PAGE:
Aug. 16 (Bloomberg) -- The leader of a campaign against corruption in India was today sent to jail for a week after being arrested at a house in New Delhi hours ahead of a planned hunger strike in the capital that police had banned.
The detention of veteran social activist Anna Hazare sparked nationwide demonstrations by flag-waving supporters. In the capital, up to 1,400 people were detained during protests, the city’s police chief, B.K. Gupta, said at a press briefing. Opposition parties forced adjournments in both houses of parliament.
“This is a struggle for change,” Hazare said in a message broadcast by television channels that was recorded before his detention. “We should continue the movement through the path of non-violence.”
A hunger strike by Hazare in April tapped nationwide anger over graft cases, including allegations linked to a sale of mobile-phone licenses in 2008 and last year’s Commonwealth Games. Prime Minister Manmohan Singh, whose government has been weakened by months of protests, used his Independence Day address yesterday to the nation to urge Hazare to take his grievances to parliament not the street.
“Public opinion is strongly with the demands made by Anna Hazare and his team,” said G.V.L. Narasimha Rao, managing director of New Delhi-based Development & Research Services. “The public mood has decisively turned against the government on corruption issues, which will corner it further.”
Hazare was sent by a magistrate to New Delhi’s Tihar Jail for seven days, police spokesman Rajan Bhagat said in a phone interview. The septuagenarian was scheduled to begin an indefinite fast to push demands for tougher laws to fight corruption. Senior members of his movement were also detained.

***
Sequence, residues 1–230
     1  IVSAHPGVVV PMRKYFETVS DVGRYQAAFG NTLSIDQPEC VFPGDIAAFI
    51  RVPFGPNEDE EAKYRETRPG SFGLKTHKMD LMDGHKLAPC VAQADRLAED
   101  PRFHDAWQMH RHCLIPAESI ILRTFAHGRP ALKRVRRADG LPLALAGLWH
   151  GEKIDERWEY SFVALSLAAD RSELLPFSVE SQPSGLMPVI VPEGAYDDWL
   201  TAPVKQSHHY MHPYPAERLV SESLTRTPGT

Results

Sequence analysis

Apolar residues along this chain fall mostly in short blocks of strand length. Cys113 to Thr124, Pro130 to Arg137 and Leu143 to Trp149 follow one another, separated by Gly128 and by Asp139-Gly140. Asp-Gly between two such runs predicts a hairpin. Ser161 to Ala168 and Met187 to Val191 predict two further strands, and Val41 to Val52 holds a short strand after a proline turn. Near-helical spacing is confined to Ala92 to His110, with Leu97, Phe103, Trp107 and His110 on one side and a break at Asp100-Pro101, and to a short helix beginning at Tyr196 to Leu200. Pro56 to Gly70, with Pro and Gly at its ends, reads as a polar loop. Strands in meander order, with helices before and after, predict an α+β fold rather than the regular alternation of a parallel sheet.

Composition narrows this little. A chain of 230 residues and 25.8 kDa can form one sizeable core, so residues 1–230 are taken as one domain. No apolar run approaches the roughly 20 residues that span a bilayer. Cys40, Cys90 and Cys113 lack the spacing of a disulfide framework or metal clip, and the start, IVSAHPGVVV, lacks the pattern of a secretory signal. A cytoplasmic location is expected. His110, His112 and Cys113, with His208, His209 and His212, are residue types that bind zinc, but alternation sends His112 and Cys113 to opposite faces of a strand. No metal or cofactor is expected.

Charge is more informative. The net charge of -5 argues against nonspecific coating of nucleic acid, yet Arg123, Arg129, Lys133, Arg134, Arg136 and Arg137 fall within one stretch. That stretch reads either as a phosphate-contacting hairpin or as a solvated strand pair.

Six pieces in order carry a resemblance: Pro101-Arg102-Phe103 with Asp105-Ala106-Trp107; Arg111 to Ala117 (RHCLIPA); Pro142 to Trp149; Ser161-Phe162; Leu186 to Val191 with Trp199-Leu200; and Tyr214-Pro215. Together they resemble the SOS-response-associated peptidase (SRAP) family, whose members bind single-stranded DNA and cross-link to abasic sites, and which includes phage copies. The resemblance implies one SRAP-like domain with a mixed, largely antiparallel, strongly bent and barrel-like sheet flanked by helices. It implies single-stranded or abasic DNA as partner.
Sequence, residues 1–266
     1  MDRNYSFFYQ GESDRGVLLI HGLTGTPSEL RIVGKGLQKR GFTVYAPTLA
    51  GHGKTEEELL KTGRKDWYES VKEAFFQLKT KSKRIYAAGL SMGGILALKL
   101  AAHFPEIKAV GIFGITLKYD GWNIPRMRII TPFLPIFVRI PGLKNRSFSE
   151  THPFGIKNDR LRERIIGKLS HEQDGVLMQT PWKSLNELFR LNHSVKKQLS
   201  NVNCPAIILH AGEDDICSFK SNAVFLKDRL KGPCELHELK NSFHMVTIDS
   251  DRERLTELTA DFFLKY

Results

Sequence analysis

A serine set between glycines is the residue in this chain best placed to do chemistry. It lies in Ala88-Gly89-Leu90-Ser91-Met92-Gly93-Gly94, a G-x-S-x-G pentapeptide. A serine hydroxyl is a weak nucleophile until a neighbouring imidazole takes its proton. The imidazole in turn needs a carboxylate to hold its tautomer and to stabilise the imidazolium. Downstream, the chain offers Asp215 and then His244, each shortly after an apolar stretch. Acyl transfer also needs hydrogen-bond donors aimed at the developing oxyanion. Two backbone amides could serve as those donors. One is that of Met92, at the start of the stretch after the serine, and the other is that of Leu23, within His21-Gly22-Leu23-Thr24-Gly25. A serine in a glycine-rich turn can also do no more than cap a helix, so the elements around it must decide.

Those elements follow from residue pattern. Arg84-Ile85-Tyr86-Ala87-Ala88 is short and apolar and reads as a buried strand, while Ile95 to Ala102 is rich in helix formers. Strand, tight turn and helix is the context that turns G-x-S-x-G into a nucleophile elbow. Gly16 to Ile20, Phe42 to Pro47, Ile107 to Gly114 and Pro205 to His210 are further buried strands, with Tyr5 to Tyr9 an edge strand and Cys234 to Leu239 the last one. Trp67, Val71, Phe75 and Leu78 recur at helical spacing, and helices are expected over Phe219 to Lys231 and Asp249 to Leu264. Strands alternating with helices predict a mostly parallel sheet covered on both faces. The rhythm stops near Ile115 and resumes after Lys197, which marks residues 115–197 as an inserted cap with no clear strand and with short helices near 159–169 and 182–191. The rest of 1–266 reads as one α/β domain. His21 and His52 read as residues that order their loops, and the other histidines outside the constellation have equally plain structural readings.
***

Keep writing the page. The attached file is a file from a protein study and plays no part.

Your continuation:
Hazare’s supporters yesterday rejected police restrictions on the proposed hunger strike that would have limited it to three days and curbed the number of people who could attend to about 5,000, Home Minister Palaniappan Chidambaram said at a press conference today. All those wishing to protest have to accept conditions imposed on them to protect society, he said.
Television channels broadcast images of protests by Hazare’s supporters in several cities, including Mumbai, Bangalore, Kolkata and Hyderabad.
The rally in the capital attracted thousands of people who milled in streets around the police station where Hazare, who dresses in the simple white shirt and cap of India’s independence movement, was being held.
Arun Jaitley, a senior leader of the main opposition Bharatiya Janata Party, said the arrest of Hazare marked a “very sad day for Indian democracy.”
After consultations with Hazare and leading backers, the government this month presented to parliament a bill to fight corruption that excludes oversight of a serving prime minister, judges, parliament and most bureaucrats. The legislation has been referred to a panel of lawmakers for scrutiny. Critics, including Hazare, say the proposals in the so-called Lokpal, or Ombudsman Bill, lack teeth.
“We want a strong Lokpal to prevent corruption in high places,” Singh said yesterday. “Now, only parliament can decide what type of Lokpal legislation should be enacted.”
Singh, in the third year of a five-year term, has seen his legislative agenda stall amid the corruption claims. Two ministers have resigned over the sale of permits to run mobile-phone services, which the country’s auditor says may have cost the exchequer $31 billion.
One of them, former telecommunications minister Andimuthu Raja, is in Tihar jail while his trial continues. A federal lawmaker and business executives have also been imprisoned.
Police in June use teargas and batons to break up a protest camp in New Delhi and forcefully evict yoga guru Swami Ramdev, who had joined the anti-graft movement.
While Hazare’s first fast forced the government to invite him and his supporters to join a panel tasked with drafting the anti-corruption bill, the two sides couldn’t agree on key features, such as bringing the prime minister under its ambit.
“Those who don’t agree with this bill can put forward their views to parliament, political parties and even the press,” Singh said yesterday. “They should not resort to hunger strikes and fast unto death.”
Corruption poses a risk to sustaining economic growth near 9 percent and winning overseas investment, auditing and consulting company KPMG said in March. India first introduced anti-corruption legislation in parliament four decades ago.
“The country will not accept” the way the government is acting against the anti-corruption protesters, said Prashant Bhushan, a lawyer in the Supreme Court and civil-rights activist, terming Hazare’s detention “undemocratic.” Hazare’s team called for renewed countrywide protests tomorrow.